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A low-carb ketogenic diet is a high-fat, low-carbohydrate diet that allows for moderate to low amounts of protein. The drastic reduction in carbohydrates causes the dieter's body to go into a state called ketosis, in which the body begins to utilize fat instead of carbohydrates for its fuel and energy. Going on a low-carb diet is a means for weight loss and is an effective method for controlling epileptic seizures.
In 1921, the Mayo Clinic developed the first low-carb ketogenic diet as a treatment for patients who were suffering from epileptic seizures. During the 1940s, however, usage of the diet began to diminish in favor of drug therapies, only to be reintroduced as a treatment option in the mid-1990s. When used for this purpose, the ratio of fat to carbohydrates and protein generally is 4:1, although there is some range of adjustment in terms of fat — from 2.5:1 to 5:1.
Primarily used for adolescents who are having limited success with medication-only treatment for epileptic seizures, the diet generally is started in a hospital so that doctors can closely monitor the results. The regimen typically continues at home, with mandatory follow-up appointments to watch for side effects and to avoid complications such as malnutrition. Successful therapy can continue for years, but with sufficient reduction in seizures, the doctor might recommend gradually discontinuing the diet after two years.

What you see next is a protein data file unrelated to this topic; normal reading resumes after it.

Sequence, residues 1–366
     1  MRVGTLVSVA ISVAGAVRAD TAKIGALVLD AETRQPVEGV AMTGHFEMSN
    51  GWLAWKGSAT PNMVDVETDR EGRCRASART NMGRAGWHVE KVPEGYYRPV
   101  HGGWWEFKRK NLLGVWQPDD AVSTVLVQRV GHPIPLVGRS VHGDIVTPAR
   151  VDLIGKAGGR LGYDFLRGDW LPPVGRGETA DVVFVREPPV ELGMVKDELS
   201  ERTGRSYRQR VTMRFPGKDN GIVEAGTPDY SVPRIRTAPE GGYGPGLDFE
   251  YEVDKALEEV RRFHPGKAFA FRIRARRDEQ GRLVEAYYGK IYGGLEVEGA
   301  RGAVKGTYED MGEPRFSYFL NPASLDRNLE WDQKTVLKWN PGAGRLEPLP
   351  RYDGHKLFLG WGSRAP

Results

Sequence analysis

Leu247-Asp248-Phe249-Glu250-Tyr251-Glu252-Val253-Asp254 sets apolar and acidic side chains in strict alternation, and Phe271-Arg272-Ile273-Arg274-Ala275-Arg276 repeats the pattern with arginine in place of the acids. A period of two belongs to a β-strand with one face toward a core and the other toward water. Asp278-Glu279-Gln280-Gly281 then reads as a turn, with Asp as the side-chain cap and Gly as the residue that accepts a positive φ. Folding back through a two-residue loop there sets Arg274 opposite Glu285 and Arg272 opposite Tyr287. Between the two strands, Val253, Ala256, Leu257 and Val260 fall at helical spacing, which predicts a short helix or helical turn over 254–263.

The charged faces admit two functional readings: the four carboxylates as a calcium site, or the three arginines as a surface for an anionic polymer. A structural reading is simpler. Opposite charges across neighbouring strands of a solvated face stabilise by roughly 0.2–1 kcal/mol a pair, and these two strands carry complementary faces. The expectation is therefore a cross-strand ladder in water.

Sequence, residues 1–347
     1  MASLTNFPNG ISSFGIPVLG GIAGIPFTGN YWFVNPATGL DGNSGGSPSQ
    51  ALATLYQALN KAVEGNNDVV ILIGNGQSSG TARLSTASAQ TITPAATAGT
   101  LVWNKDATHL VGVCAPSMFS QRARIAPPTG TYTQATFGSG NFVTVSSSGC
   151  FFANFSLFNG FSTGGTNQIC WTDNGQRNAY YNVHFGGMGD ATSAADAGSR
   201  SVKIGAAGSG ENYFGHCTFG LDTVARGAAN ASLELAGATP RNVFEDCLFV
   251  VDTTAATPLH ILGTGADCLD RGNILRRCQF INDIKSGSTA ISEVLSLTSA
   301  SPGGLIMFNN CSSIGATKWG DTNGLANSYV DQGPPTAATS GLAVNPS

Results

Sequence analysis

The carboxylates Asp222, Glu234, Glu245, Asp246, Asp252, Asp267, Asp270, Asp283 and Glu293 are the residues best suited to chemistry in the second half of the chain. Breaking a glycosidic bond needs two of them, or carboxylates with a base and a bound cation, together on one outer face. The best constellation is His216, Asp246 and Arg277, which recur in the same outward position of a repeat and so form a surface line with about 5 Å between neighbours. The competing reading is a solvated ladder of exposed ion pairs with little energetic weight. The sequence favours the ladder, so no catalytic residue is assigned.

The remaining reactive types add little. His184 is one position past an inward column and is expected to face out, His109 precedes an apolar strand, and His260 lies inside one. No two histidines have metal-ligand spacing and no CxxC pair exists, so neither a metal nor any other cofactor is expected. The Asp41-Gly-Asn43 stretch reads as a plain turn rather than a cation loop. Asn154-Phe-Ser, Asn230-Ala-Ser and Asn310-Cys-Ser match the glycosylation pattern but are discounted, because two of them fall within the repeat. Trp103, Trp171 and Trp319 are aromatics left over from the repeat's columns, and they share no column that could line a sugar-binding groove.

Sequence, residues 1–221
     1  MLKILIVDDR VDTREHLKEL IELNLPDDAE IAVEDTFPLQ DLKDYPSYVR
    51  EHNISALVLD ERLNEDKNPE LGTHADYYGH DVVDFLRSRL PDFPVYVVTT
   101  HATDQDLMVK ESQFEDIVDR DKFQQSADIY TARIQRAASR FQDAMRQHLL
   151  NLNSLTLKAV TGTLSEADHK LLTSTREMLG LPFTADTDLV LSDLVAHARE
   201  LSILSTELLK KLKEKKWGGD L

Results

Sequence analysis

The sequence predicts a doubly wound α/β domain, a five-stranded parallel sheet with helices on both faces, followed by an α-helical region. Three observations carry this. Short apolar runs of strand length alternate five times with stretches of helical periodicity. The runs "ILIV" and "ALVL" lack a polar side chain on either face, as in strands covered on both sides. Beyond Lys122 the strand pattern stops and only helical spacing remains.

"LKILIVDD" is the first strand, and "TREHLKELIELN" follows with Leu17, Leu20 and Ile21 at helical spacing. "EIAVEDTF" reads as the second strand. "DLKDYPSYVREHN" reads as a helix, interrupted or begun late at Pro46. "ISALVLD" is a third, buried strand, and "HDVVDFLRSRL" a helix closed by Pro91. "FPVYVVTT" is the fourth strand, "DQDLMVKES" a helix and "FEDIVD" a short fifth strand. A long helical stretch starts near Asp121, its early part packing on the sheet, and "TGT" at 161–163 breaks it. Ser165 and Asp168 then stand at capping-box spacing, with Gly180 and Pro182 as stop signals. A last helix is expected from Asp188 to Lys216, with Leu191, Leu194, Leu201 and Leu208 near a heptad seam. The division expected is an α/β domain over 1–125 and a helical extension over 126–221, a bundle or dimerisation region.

When implementing a low-carb ketogenic diet for weight loss, it is believed that by lowering the intake of foods containing carbohydrates, the desire for them also lessens. As a result, this decrease in craving equals a decrease in calorie consumption as well. There are several well-recognized, low-carbohydrate diets that claim a high degree of success. The popularity of these diets is a reason why grocery stores have many low-sugar and low-carb alternatives to regular foods that are high in carbohydrates, such as bread or ice cream.
There are certain considerations that should be taken when using a low-carb ketogenic diet. The diet takes a person into a state of ketosis, so there is the potential for health risks that should be fully understood and discussed with a healthcare professional before starting the diet. The ketones that are formed during ketosis can cause the formation of kidney stones and can even result in kidney failure. Other potential side effects of this low-carb diet include decreased growth in children, dehydration, elevated cholesterol levels and constipation.
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